FIG. 10B illustrates an example in which the agitator is oscillated at a frequency and the current is pulsed to the electrode at a first waveform having a first duty cycle (e.g., 5 Hz at 50% duty cycle). FIG. 10C is a graph illustrating another application in which current is pulsed according to a second waveform (e.g., 10 Hz at a 20% duty cycle). Compared to a direct current continuously applied to the electrode, the current pulsing shown in FIG. 10B may adversely increase the nonuniformities while the current pulsing shown in FIG. 10C may reduce nonuniformities. Therefore, the method 1000 provides selecting the current pulsing in correlation to the structure and movement of the agitator to improve the uniformity of plating processes.

From the foregoing, it will be appreciated that specific embodiments of the invention have been described herein for purposes of illustration, but that various modifications may be made without deviating from the spirit and scope of the invention. For example, the dividers in any of the foregoing embodiments can have different heights across the diameter of the agitators, or the top portion of each divider can be a sharp edge having an inverted V-shaped apex in a plane normal to the length of the dividers. Additionally, the specific features of the foregoing embodiments can be combined in other combinations that are different than the specific embodiments disclosed above. Accordingly, the invention is not limited except as by the appended claims.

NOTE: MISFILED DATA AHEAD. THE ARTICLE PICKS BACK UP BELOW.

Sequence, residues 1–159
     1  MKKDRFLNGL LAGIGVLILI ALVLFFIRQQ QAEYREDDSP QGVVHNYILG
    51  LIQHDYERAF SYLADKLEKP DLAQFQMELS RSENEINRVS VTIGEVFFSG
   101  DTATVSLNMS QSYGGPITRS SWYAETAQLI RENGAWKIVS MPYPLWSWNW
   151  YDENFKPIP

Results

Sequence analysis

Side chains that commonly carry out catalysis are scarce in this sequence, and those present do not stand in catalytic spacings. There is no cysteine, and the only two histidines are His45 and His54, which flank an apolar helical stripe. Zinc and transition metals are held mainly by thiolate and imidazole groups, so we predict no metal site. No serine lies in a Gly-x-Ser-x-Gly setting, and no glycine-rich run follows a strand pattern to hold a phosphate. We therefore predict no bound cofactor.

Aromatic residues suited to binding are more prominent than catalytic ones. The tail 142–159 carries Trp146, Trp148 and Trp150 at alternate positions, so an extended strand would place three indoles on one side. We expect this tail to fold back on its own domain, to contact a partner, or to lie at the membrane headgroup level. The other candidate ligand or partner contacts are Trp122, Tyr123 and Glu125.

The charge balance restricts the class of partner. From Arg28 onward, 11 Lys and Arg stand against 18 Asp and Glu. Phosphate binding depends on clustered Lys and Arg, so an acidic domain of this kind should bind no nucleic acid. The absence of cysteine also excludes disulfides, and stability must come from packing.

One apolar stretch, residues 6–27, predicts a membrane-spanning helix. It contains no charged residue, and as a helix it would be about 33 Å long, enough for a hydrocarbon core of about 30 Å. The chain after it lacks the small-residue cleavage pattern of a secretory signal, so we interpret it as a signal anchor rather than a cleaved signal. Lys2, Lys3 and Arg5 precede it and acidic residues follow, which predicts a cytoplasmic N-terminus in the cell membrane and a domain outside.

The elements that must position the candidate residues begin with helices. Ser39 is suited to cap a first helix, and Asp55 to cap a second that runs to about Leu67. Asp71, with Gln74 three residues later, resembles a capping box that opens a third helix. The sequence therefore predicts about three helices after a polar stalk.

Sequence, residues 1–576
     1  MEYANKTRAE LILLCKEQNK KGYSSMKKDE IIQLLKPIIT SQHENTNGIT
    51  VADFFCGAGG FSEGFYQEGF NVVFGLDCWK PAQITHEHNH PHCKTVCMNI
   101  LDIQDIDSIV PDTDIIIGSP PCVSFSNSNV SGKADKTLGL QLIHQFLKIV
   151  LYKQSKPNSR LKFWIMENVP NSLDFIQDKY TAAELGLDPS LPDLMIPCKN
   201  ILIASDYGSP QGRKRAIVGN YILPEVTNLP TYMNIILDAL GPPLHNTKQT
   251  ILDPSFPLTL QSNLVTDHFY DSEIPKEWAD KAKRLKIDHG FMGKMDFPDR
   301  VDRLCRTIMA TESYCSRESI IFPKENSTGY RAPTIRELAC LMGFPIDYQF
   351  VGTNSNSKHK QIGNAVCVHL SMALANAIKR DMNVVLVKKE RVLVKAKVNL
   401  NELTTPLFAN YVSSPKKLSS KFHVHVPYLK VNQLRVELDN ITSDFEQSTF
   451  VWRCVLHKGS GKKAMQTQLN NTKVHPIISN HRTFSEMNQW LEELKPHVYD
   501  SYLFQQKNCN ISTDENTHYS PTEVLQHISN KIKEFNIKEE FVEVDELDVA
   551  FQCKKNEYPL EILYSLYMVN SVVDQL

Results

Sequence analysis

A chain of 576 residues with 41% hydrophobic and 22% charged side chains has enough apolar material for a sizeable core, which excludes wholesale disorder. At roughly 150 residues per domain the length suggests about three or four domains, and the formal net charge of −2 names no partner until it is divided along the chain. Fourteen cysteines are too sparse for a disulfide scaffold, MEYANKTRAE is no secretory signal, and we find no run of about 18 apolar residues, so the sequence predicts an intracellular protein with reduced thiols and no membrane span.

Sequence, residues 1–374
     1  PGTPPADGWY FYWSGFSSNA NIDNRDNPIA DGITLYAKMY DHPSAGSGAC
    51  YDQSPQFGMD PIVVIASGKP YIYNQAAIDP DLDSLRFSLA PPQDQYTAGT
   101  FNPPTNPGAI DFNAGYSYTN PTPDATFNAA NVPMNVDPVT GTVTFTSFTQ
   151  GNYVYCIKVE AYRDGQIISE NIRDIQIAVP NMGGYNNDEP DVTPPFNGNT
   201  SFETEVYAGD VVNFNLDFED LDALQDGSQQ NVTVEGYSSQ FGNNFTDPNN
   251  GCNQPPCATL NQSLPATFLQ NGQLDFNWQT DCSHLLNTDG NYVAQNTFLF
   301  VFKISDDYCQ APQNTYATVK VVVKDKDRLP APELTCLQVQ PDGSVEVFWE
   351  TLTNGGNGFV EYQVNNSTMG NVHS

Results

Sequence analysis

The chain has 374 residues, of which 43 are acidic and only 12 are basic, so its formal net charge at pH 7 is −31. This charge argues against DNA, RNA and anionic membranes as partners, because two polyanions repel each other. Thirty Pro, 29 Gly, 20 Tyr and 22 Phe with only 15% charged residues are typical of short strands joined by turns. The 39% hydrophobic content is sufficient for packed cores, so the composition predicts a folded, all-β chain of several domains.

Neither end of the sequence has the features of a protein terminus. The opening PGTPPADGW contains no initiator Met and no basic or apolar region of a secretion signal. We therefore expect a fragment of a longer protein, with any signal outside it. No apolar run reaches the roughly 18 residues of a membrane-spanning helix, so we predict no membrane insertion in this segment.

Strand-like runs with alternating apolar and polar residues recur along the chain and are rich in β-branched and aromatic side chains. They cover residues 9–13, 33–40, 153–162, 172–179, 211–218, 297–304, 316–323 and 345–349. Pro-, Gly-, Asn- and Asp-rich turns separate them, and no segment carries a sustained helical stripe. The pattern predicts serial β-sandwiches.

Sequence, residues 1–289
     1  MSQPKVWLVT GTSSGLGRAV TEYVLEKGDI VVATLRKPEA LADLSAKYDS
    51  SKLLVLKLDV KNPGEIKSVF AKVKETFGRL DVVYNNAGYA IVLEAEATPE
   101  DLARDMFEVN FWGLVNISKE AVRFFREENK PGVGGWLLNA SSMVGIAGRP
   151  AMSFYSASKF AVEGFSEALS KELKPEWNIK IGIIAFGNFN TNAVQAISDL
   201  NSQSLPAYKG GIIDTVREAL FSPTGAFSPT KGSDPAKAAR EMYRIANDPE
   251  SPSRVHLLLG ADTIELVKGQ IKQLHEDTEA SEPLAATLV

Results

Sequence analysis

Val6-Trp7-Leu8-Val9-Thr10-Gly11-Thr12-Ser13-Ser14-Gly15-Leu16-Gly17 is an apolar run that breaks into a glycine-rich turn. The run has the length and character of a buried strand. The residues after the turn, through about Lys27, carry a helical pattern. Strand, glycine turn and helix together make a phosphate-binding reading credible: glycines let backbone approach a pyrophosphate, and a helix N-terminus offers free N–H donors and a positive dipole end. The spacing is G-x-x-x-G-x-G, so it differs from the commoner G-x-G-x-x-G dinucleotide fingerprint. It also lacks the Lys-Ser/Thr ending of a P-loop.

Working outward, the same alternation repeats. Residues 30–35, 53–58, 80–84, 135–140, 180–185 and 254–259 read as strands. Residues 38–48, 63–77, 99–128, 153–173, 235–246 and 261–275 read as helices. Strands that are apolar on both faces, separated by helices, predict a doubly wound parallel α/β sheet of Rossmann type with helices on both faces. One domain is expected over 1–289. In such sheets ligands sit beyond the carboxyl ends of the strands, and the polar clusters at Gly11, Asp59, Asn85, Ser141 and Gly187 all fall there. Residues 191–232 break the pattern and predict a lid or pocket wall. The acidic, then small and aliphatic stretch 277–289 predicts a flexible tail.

Referenced by
Citing PatentFiling datePublication dateApplicantTitle
US7824904 *Dec 5, 2007Nov 2, 2010Felix DimanshteynPhotobioreactors for production of algae and methods therefor
US7842173Jan 29, 2007Nov 30, 2010Semitool, Inc.Apparatus and methods for electrochemical processing of microfeature wafers
US8313631Nov 2, 2010Nov 20, 2012Applied Materials Inc.Apparatus and methods for electrochemical processing of microfeature wafers
WO2013052211A1 *Aug 24, 2012Apr 11, 2013Applied Materials Inc.Electrochemical processor alignment system
Classifications
U.S. Classification204/230.2
International ClassificationC25B9/04
Cooperative ClassificationC25D5/08, C25D5/18, C25D17/00, C25D17/10, C25D17/08, C25D17/001
European ClassificationC25D17/00, C25D5/18
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Effective date: 20111021
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Owner name: APPLIED MATERIALS INC., CALIFORNIA
Mar 14, 2007ASAssignment
Owner name: SEMITOOL, INC., MONTANA
Free format text: ASSIGNMENT OF ASSIGNORS INTEREST;ASSIGNORS:WILSON, GREGORY J.;MCHUGH, PAUL R.;WOODRUFF, DANIEL J.;REEL/FRAME:019011/0985;SIGNING DATES FROM 20070308 TO 20070309
Free format text: ASSIGNMENT OF ASSIGNORS INTEREST;ASSIGNORS:WILSON, GREGORY J.;MCHUGH, PAUL R.;WOODRUFF, DANIEL J.;SIGNING DATES FROM 20070308 TO 20070309;REEL/FRAME:019011/0985